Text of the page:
As if there were such a thing.

I spoke with a couple of people who seemed to be positioned at the base of this action, for which I can’t possibly thank them enough.  They were all of the mind that Occupy Amherst’s action hadn’t been adequately linked to the broader Occupy movement, and that if I wanted to see young people gettin’ jiggy wit it, I ought to check out neighboring Northampton’s regular Occupy events.

I’m totally inclined to do that.  I need to know that The Future I’m fighting for cares enough about the outcome of this battle to stand and fight for themselves.

This isn’t just an intellectual distinction.  If young people can’t be convinced of the dangers of the Bread and Circus they’re now being served, we’re not going to make it.  We The Vocal are getting older, losing our voices, and destined to settler into the rhythms of a life spent trying to keep our greying heads above the rising tides of income inequality and the concentration of wealth in the hands of people we’ll never know.

And this kind of “sustenance existence” isn’t conducive to worrying about others.  We’ll have our hands full just staying warm in winter.

So come on, kids – show us you’re not just riding the wave of prosperity generated by the the coordinated movements of your parents’ shoulders.  We paid it forward with the expectation that the ball would be picked up and moved down-field by YOU.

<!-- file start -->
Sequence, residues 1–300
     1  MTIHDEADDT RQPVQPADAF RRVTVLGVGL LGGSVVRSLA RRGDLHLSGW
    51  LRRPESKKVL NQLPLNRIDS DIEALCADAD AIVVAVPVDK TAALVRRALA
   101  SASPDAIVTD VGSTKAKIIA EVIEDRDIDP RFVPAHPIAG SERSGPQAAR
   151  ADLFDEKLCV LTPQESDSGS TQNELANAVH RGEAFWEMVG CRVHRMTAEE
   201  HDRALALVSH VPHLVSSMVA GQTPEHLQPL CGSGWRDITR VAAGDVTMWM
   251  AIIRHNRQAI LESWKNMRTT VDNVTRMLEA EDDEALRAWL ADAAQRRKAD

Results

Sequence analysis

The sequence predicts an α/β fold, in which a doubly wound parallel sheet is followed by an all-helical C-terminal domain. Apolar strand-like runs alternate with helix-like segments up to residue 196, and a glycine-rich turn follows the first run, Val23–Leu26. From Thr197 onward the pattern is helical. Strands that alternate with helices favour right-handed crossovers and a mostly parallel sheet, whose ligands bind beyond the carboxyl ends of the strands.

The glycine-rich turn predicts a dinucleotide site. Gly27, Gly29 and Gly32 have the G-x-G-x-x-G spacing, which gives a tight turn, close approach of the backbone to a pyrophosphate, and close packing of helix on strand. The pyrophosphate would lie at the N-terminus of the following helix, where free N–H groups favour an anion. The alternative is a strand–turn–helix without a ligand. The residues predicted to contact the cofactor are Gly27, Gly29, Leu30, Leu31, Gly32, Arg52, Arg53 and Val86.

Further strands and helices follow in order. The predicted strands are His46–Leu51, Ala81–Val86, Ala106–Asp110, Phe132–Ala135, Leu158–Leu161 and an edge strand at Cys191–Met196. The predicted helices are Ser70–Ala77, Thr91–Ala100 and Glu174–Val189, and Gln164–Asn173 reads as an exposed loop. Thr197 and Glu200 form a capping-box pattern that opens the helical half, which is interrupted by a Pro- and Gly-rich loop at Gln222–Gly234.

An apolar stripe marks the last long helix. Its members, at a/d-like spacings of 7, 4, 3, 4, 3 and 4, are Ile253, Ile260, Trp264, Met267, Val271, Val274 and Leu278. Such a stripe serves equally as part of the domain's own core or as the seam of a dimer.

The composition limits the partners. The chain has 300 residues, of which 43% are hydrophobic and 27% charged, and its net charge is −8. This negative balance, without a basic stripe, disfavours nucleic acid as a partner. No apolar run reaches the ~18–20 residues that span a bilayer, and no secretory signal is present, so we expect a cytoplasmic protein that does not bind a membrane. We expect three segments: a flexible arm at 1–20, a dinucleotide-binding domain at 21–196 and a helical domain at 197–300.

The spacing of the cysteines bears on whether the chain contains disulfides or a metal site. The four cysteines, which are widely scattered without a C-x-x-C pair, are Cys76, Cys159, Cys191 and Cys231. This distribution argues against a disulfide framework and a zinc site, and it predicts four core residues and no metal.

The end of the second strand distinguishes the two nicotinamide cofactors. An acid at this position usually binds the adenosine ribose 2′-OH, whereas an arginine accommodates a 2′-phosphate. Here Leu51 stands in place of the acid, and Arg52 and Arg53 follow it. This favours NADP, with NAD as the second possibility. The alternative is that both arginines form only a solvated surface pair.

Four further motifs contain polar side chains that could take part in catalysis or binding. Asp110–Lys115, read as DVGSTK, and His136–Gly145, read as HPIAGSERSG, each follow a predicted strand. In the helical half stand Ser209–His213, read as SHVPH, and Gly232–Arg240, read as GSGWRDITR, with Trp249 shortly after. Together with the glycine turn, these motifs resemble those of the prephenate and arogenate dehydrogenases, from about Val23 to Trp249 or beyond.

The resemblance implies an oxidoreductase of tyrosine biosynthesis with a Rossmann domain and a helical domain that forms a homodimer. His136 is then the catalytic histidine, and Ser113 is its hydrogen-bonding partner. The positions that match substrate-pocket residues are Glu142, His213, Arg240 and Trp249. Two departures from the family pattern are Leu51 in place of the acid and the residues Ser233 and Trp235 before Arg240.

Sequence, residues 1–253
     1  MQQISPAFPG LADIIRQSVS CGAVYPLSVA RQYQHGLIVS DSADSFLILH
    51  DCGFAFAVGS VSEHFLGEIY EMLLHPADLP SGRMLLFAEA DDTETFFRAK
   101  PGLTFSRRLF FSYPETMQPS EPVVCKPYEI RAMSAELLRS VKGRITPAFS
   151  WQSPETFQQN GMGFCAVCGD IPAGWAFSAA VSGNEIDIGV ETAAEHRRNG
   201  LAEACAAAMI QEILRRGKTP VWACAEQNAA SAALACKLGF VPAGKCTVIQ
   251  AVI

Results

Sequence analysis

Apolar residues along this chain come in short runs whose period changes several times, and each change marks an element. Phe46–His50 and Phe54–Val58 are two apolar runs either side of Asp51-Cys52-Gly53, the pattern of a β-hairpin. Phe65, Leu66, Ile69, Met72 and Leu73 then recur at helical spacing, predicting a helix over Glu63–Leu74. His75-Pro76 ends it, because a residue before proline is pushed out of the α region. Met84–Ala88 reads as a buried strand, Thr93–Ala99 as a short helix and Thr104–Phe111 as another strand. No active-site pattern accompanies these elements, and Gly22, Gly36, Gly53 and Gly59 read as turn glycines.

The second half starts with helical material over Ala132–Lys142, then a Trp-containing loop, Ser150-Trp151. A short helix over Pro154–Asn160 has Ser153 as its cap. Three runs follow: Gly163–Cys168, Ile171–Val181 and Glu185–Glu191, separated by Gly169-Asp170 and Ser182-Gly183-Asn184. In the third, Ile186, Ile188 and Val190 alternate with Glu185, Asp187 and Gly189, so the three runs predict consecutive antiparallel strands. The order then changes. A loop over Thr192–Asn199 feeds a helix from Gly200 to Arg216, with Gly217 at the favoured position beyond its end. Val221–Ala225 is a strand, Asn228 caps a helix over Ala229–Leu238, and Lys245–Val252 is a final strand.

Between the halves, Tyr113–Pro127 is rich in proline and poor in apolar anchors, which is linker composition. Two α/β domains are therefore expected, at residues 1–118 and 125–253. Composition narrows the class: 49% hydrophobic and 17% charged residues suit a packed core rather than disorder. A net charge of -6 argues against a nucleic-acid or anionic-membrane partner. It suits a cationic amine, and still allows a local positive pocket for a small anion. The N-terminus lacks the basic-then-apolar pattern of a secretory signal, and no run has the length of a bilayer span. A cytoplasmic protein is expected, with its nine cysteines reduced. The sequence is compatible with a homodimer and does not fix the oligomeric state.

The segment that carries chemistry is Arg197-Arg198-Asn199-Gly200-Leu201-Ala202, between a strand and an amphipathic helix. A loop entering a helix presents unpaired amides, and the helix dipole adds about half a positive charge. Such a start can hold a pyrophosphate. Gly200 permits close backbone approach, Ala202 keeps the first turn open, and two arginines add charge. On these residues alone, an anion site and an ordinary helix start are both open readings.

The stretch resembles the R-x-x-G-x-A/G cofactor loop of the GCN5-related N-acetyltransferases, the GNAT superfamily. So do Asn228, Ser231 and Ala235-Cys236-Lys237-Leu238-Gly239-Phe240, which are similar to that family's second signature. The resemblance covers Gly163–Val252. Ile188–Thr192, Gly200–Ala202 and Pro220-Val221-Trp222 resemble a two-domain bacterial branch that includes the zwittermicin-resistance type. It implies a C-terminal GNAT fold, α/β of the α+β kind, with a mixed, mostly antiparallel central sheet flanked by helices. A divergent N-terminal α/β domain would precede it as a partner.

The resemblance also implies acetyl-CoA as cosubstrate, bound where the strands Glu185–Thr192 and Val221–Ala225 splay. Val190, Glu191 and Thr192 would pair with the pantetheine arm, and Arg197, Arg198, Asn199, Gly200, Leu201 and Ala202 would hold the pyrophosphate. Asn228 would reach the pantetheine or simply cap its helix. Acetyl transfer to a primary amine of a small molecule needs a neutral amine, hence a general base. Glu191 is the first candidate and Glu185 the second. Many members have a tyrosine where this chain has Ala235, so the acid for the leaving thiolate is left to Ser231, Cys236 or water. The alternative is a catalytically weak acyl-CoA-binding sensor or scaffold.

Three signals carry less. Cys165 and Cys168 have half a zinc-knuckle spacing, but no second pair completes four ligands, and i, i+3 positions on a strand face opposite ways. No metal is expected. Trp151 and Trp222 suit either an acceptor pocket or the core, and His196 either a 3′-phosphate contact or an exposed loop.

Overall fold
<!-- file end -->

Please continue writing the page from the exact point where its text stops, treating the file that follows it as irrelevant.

I hope that challenge is taken personally, though I doubt if many from the Next Great Generation will read this.

Meanwhile, I’ll pray that you prove me wrong.

A Half-Moon… November 2, 2011

Posted by littlebangtheory in Art and Nature.
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…rises over Pelham Lake in Rowe, Massachusetts:

This shot is a collaboration between my eyes (hey, I saw it first! ), the Mad Skilz of Elliot, who laid a vertical plane of sharp focus along the shoreline rock and trending toward the rising half-moon (1-1/2 degrees of swing,) and Photoshop, which allowed me to shoot fast (4 seconds) in the waning light and still be able to adjust the exposure later, bring up the dark areas, and sharpen it a bit.  Still, it involved a funky set-up with me lying in the pond-side mud and holding a reverse graduated filter reeeely  still for the duration of the exposure, so I won’t be falsely humble regarding the results.  I hope you like it.

This was the first time in eons  that the wind was calm enough to capture a reflection, and I loved it enough to get disgustingly muddy.  We’re deep into Ugly Season, with most views being primarily brown and most waterways (my favored venues) being littered with the destruction of Irene.  So it pleases me to find anything, anything  which looks at all natural these days.

Thank you, Pelham Lake.  Thank you, Rowe.

And thank you  for visiting.